If you have been following our writing and speaking for a while, you would know that we are strong proponents of full-funnel or lifecycle digital advertising. The online buyers journey that leads up to a direct booking is a complex multi-touch process that happens partially in the digital and real world as well. To account for that, you have to run sophisticated awareness, consideration and booking campaigns in sequence to nurture potential guests that normally would or would not directly book with you. For that you need to invest in strong creatives, a tight web experience that screams luxury, not discount, and proper budgeting as well as forecasting combined with a lot of A/B experiments and optimization.
The most extreme version of this is the omni channel full-funnel approach where you try to execute funnel stage campaigns in every possible channel where your potential guests might hang out online to get travel inspiration. This requires you obviously to become channel and platform agnostic in a way, because for you, this might mean search or social media ads, while for another type of brand, it might mean influencers and luxury travel magazines.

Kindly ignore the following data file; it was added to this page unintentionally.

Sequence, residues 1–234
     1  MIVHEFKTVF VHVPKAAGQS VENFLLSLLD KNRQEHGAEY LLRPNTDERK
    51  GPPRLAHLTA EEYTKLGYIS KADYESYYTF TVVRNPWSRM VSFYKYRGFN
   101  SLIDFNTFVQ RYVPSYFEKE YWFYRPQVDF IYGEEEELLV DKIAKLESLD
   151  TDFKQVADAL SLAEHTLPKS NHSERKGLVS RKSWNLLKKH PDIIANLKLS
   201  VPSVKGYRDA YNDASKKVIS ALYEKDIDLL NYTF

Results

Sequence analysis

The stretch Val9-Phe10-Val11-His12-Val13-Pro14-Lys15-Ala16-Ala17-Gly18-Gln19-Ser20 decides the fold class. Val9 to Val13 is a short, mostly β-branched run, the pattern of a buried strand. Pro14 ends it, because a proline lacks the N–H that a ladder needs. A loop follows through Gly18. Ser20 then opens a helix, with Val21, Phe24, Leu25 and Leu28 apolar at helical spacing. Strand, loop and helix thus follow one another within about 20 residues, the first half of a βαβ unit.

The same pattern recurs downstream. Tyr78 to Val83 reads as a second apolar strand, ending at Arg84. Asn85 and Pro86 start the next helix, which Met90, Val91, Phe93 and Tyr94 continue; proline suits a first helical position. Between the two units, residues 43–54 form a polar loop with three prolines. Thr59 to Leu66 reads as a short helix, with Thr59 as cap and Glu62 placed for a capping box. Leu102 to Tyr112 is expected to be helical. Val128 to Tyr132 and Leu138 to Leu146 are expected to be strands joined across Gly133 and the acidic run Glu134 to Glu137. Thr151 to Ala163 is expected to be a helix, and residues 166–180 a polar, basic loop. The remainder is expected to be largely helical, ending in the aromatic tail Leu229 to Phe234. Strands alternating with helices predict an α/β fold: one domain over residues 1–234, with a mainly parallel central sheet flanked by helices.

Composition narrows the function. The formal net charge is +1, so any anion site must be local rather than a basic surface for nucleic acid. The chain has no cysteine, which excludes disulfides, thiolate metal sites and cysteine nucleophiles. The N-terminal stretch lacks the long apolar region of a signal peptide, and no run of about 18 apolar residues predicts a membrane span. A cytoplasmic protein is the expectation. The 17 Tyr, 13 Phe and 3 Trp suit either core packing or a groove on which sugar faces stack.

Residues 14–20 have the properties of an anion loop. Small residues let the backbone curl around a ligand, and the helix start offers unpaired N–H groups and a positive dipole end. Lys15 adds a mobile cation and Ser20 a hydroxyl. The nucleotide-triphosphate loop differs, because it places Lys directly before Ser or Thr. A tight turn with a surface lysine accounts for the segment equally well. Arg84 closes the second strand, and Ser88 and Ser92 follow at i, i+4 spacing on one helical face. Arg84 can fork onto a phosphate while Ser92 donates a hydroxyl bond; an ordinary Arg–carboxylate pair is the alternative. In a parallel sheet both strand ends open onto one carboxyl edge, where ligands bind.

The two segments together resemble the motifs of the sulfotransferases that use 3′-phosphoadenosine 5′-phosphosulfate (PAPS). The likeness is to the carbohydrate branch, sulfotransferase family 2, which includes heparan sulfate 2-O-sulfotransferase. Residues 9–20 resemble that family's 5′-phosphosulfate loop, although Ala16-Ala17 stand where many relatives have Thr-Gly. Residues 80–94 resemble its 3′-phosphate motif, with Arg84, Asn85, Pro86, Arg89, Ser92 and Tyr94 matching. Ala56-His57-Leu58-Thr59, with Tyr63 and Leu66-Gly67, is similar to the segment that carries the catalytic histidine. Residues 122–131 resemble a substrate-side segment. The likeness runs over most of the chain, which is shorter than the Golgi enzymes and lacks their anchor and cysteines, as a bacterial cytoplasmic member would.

If you are doing a good job at the full-funnel use case, then, eventually, you will start to accumulate a lot of traffic and user behavior data from different campaigns and sources. Nowadays, there are powerful technologies out there that discover and analyze who your website visitors are, what their net worth is, how they behave and interact with your content and where or when they either convert into a direct booking or drop off.